Archive for August, 2013

Produce Show

August 31, 2013

Today it is the local flower and produce show. I shall be involved all day from 9 in the morning until it is packed away.

Of course, I have been involved already, for some time, getting my own exhibits ready.

I’m going to show you my cooking today/

I have made three items. My wife has made many more.


On the left we have my Victoria Sponge. This is made according to a given recipe so it will be up against near identical items. Last year my sponge cake won a prize. It won’t this year for despite only giving it the minimum time the recipe said, it has come out a bit dark. The judge won’t be fooled by my liberal sprinkling of caster sugar.

On the right is my fudge. It’s peanut butter fudge and it got first prize last year. I’m not sure this time. It seems to have come out a bit less firm than last year – but by heck it tastes good.

I have most hope for my cheese scones. They look good and they taste good.

Really, I only enter these things to show that village cooking doesn’t just involve the female gender – and I always hope to get some bragging rights over wife and daughter in law. Oh, and the other reason is because it is fun. It’s a shame more people don’t have a go.

Of course, the show isn’t all about cooking. There are vegetables, fruit and flowers, photography and other crafts all making up the exhibits. And it is all very friendly. Yes, we compete hoping to win, but we also compete so that if ever a spectator suggests, ‘well my apples are better than those’; we can say, ‘but you didn’t enter them. Why don’t you next year?

James Skoulding Burton

August 30, 2013

Ancestors of mine came from Blythburgh, a little village up the creek from Southwold in Suffolk. In terms of actual ancestors I’m going back to the first half of the nineteenth century, but other relatives hung around for longer and it is one of them I feature today. James Burton, with the unlikely middle name of Skoulding would have been a great great great uncle of mine. It probably goes without saying that I never knew him. Indeed, I don’t even have a photo of him, but I have located his grave in Blythburgh’s church yard – and here it is.

image002This photo was taken in April 2004

The main inscription reads, simply, ‘In loving memory of James Skoulding Burton who died April 67th 1890 in his 87th year’. The verse underneath is telling readers that James is lucky for he has now gained eternal life.

James was born in around 1804 in Blythburgh. He was baptised on 26th February of that year. His middle name came from his grandfather, who was also my five greats grandfather – James Skoulding. James’ elder sister, Sarah, was my 3 greats grandmother.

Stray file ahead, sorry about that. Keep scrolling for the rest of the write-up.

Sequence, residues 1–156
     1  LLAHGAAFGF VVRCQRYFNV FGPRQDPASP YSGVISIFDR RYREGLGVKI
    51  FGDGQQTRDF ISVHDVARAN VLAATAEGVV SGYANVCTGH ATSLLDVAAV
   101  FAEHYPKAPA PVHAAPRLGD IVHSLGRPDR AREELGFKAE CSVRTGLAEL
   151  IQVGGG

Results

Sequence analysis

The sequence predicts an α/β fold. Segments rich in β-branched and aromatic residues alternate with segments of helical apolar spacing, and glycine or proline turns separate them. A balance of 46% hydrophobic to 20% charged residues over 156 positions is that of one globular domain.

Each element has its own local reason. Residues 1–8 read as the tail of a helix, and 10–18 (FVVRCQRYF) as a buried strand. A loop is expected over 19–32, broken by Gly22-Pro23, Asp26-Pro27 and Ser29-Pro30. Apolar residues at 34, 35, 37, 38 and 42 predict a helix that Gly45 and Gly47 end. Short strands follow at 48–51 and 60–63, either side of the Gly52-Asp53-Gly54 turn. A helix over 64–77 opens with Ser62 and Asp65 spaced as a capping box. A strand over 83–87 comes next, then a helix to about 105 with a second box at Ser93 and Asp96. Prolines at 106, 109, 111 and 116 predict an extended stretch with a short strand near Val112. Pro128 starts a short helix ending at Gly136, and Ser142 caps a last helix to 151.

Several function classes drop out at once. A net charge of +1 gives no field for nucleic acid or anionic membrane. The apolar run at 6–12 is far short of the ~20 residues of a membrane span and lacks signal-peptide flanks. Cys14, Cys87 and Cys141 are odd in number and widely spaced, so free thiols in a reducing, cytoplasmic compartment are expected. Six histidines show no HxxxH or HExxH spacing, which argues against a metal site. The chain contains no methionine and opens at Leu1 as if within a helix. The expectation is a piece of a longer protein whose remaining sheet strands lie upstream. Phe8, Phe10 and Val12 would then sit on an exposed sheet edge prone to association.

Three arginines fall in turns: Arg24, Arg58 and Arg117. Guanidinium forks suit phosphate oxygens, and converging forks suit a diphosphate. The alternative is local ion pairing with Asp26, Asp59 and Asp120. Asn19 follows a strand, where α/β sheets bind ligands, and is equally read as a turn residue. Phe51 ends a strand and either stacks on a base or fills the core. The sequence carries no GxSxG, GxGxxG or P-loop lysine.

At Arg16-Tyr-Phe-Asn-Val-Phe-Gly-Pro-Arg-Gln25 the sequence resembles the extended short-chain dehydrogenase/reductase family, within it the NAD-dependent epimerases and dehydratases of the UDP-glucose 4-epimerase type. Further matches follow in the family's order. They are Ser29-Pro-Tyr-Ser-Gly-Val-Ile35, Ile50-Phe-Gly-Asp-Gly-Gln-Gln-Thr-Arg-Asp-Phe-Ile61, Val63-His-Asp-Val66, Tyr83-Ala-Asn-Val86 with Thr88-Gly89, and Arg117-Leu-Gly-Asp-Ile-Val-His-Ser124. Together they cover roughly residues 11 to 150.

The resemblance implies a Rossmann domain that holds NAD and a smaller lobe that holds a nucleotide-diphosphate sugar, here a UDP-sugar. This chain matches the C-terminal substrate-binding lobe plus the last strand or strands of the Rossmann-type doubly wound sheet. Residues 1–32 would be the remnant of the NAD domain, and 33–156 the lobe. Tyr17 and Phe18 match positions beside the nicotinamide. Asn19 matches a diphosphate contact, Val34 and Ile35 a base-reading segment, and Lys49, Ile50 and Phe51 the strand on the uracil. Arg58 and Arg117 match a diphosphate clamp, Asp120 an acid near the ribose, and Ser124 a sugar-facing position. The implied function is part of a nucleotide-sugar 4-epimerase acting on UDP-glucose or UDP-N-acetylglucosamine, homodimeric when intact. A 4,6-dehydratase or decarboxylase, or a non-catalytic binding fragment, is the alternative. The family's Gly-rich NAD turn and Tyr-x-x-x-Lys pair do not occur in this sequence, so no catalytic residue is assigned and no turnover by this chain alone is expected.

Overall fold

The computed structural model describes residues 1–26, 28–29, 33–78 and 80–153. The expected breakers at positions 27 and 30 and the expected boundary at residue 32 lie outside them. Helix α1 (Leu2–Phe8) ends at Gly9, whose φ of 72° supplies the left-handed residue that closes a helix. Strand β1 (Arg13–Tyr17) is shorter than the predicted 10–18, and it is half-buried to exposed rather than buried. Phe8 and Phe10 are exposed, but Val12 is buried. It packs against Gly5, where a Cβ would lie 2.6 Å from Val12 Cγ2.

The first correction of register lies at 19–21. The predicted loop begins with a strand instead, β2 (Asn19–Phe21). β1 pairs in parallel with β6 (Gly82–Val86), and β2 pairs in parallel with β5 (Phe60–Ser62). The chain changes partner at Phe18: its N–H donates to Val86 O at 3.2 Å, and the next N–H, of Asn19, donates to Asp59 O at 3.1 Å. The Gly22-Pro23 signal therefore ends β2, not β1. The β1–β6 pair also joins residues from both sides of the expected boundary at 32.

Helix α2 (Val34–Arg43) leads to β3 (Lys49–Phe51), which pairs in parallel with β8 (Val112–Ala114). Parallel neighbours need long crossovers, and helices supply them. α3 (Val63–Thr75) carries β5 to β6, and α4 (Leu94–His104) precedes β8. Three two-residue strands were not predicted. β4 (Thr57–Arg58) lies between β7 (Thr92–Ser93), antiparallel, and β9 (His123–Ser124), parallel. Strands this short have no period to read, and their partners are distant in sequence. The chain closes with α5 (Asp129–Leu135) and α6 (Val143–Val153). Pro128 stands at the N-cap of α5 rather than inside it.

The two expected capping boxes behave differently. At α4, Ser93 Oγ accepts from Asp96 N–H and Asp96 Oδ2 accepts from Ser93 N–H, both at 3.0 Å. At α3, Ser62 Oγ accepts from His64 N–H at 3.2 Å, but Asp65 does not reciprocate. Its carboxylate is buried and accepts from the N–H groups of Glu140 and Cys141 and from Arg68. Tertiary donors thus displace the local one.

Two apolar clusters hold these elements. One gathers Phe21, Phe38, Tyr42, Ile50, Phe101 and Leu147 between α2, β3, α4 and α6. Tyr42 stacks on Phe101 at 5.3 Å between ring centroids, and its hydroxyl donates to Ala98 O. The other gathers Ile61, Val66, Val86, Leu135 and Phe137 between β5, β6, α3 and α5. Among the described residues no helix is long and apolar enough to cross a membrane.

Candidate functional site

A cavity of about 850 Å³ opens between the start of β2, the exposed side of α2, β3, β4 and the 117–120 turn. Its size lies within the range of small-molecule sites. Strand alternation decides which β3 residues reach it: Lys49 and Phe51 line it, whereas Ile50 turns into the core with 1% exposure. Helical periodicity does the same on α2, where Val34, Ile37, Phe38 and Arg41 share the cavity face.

James married Sarah Gray on 9th January 1827. You can see her rather careworn grave behind that of James. The marriage was in the utterly enormous church at Blythburgh.

As far as I know, James and Sarah spent their whole life in Blythburgh.

The censuses from 1841 to 1881 all tell the same story of James as a shoemaker. The couple had seven children we know of. I have no further details so let’s hope they had a happy life.

Rough Sea at St Valery en Caux

August 29, 2013

Do we all like to see a rough sea? I know I do and whenever I see one my mind is transported back to childhood days at Newhaven in Sussex where we’d be thrilled by the sight of the waves smashing over the top of the massive harbour wall.

Fifty years on from those happy days I was across the other side of the channel at St Valery en Caux – a small harbour town on the Normandy Coast. Like Skegness, it was bracing or even exhilarating. St Valery is just to the west of Dieppe – destination for ferries from Newhaven. It’s an area of France that can remind me of my Sussex childhood.

The cliffs at St Valery en Caux are similar chalk cliffs to those at Newhaven.


There is a harbour wall – small by comparison with the one at Newhaven, but on a wild day the waves break over it.


But I don’t recall ever seeing the actual harbour at Newhaven looking this wild.


The town, behind the harbour is lovely.


There’s a grand Normandy style house.

A safe inner harbour, lined with buildings.


Well, I had to include a rather nerdy ship propeller, didn’t I?

Meet the Relative – Mary Jones.

August 28, 2013

Mary was born on 27th September 1873 at Baguley in Cheshire. Her parents were Robert Jones, a gardener and his wife Ellen (née) Lanceley who were my Great Great Grandparents. Mary, who I never knew, was my Great Great Aunt.

At the time of the 1881 census Mary was a scholar, living with parents and siblings at Thorley Road in Timperley – part of the Altrincham district. By 1891, 17 year old Mary was a servant living away from home but still in Timperley.

Mary married Edgar Hesp on 1st October 1894 at the church of St Mary, Hulme in Manchester.

In 1901 Edgar was a police constable and he and Mary lived in Warrington in Lancashire. They had two sons, Frederick was aged 2 and Harry was just 3 months.

The 1911 census is sometimes known as the fertility census for people were asked to say how many children had been born and how many were still alive. Edgar, in filling his form, said 8 born and 6 alive, but in an error, he has written the names of the two deceased children, both of whom were born before Frederick.

The full family might have been Ernest and William (both deceased), Frederick (12), Harry (10), Minnie (8), Stanley (7), Thomas (4) and Mabel (2). In addition, Edgar’s mother was resident. Edgar was now a police sergeant and the family lived at 82 Gorsey Lane, Warrington